Creating Thermoplastic Composite Parts Using Bladder Molding Process
Technical support experts from Composites One demonstrated at CAMX 2021 how to create a composite part with non-conformed shapes using the bladder molding composites manufacturing process. Expandable bladders are used in this process to make complex and hollow composite parts, for applications in aerospace and automotive.
How bladder molding works
The CAMX demonstration used a conformable braided commingled nylon carbon sleeve combined with carbon reinforcement. Technicians first inflate the silicone bladder with air pressure and use end fittings to seal the air pressure inside the silicone bladder. Bladder molding uses positive pressure inside the bladder and forces the sleeve to the inside surface of the tool. The sleeve material produces non-conforming shapes through a process that is repeatable and produces predictable results with each cycle.
Using precut sleeves, the technician stuffs the layers inside one other to create the pre-form, trimming excess material from the ends so the sleeve materials are the same length. The layered sleeve is then applied over the bladder for a quick and easy part layup. With the bladder and sleeves ready to be loaded into the two-piece aluminum tool, fittings are used to lock in the ends to hold the bladder in place between the two tool parts. Bolts are used to tension up the two parts to resist against the pressure from the bladder.
The mold is placed on a transfer table and an air-line is hooked up so air pressure can be applied slowly through pressure cycles. When the bladder slowly expands into the braided sleeve, the sleeves decrease in length. By pressure cycling, the bladder can be receded for more consolidation and a higher-quality part.
Application of heat
Technicians slide the mold with the inflated bladder between the heating plates and begin the cycle time. The thermoplastics process is driven by the application of heat, and with reinforced plastics, cycle times are relatively fast. For this demonstration, heat was applied for six minutes at 320 degrees Fahrenheit. Cycle times are determined by how quickly heat can be transferred into and out of the mold.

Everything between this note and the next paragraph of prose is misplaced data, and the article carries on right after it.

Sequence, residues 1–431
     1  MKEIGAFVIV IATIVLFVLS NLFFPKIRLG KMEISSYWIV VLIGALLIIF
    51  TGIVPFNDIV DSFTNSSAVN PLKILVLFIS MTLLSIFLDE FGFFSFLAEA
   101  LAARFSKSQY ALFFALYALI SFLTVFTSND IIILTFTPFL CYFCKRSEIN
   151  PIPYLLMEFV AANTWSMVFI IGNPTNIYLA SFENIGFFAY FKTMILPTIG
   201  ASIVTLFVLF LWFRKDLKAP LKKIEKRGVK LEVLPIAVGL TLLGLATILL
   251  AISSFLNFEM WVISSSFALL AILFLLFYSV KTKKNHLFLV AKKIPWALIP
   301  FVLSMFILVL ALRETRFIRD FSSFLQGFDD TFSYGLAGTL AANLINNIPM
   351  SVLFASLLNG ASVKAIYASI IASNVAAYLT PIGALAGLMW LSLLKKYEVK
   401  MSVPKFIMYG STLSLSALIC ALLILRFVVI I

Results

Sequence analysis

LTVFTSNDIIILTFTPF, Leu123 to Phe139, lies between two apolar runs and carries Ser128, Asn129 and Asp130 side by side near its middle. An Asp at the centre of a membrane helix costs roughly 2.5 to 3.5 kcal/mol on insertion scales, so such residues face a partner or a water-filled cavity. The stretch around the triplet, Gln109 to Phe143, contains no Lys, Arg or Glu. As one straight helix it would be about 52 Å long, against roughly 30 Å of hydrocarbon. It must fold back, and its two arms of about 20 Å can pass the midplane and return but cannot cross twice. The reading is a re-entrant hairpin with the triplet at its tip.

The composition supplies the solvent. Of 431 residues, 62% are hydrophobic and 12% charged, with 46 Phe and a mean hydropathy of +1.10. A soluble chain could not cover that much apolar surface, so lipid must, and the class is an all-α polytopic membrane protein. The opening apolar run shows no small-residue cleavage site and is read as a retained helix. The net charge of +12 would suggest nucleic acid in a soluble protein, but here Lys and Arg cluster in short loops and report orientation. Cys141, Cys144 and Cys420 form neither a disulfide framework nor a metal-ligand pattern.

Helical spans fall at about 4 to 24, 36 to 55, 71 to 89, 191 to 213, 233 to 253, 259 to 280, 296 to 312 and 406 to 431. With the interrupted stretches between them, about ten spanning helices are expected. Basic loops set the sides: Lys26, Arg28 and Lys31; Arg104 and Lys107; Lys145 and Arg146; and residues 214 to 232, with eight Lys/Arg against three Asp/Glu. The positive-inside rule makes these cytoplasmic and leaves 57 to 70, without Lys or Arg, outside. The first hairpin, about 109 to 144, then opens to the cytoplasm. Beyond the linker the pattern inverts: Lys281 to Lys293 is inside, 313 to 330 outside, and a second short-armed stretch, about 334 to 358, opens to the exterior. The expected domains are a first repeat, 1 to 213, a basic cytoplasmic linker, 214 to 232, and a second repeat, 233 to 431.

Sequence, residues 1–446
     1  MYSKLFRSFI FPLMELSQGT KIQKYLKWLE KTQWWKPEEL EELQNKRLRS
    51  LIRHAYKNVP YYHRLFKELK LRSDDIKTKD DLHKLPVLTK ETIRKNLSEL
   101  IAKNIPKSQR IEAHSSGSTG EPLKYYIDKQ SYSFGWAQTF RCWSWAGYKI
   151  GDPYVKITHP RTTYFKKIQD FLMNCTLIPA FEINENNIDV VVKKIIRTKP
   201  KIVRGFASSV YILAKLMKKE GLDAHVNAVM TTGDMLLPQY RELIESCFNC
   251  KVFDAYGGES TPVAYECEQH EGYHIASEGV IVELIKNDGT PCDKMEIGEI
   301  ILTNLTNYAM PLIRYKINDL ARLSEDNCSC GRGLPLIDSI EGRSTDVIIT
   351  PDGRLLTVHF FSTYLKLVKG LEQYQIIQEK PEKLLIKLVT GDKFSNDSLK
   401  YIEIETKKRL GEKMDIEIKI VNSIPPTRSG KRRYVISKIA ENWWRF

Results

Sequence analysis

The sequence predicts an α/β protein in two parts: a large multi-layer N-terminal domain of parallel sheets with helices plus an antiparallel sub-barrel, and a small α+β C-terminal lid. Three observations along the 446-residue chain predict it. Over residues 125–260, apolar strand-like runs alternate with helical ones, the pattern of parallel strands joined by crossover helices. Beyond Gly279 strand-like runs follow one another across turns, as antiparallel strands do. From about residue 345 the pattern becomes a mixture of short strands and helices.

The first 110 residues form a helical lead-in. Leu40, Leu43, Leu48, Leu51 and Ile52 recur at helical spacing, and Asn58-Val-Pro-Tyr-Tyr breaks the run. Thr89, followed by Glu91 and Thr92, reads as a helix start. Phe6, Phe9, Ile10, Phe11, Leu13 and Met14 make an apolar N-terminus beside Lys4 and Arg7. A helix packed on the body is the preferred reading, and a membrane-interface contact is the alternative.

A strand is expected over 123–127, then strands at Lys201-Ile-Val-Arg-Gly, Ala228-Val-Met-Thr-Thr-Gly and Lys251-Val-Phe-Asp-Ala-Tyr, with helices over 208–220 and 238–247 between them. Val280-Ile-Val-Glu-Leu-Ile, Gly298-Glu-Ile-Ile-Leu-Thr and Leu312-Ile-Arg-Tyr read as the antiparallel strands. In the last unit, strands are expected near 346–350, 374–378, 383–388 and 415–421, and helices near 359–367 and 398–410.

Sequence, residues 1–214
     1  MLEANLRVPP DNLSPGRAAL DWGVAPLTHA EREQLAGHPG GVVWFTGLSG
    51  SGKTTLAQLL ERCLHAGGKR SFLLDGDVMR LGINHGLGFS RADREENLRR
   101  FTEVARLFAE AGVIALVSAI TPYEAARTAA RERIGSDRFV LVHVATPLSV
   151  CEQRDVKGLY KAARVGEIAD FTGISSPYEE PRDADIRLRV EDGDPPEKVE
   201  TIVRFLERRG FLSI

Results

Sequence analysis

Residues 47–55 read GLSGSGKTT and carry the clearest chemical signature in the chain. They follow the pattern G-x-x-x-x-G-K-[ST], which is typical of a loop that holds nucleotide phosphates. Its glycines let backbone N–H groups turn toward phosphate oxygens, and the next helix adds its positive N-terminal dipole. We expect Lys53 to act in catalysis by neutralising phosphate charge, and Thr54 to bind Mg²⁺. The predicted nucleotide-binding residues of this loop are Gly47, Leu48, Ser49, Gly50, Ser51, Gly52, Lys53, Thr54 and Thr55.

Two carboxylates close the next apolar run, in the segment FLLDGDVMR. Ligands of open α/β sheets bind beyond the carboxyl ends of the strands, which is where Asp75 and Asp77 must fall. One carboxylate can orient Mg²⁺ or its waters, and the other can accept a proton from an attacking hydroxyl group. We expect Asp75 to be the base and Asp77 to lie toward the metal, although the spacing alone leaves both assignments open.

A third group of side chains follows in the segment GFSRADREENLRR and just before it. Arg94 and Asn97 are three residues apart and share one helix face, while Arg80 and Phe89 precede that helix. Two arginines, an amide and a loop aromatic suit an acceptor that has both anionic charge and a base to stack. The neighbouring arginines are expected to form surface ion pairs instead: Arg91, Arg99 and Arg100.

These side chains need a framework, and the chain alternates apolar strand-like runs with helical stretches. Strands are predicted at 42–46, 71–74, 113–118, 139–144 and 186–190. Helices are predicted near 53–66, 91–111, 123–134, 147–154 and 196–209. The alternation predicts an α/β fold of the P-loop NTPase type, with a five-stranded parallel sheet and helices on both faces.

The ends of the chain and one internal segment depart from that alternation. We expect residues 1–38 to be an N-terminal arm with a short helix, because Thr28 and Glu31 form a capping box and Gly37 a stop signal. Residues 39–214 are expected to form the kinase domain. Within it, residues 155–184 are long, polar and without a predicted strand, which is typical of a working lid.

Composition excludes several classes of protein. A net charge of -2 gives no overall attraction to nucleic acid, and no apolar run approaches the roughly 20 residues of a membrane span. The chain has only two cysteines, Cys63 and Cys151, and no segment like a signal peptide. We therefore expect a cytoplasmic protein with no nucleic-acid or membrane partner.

Heat management – the key to success
Heat management – the rate at which heat is melted and flowing – is the most important consideration with thermoplastics processing. Manufacturers reach two critical numbers during the process of being heated. Glass transition temperature of materials, or Tg, is the temperature at which material will soften, and can be reformed. Second, the melting temperature is when resin begins to flow.
Thermoplastics have varying Tg and melt temperatures. Composites One works with manufacturing customers to identify and achieve their ideal temperature based on materials used and other factors. For the specific process in the CAMX demonstration, which used commingled material of polymeric fibers blended with dry carbon fibers, the ideal temperature needed for the polymeric strands to melt and flow into dry carbon was 450 degrees Fahrenheit. Once the temperature is reached, the technician slides the mold onto cold plates to release some heat.
Another major factor to the overall cycle time is to identify the optimal demold temperature, or how quickly the thermoplastics can be released. For this demonstration, it was approximately 200 degrees Fahrenheit. Once the demold temperature is reached, air pressure is cut off to bleed pressure out of the bladder, and the finished part is demolded on the demold table. When ideal temperatures are reached and a proper release system in place, parts should release with ease on every cycle.
In addition to serving as an industry-leading warehouse and materials distribution provider, Composites One is here to provide technical support and solutions.
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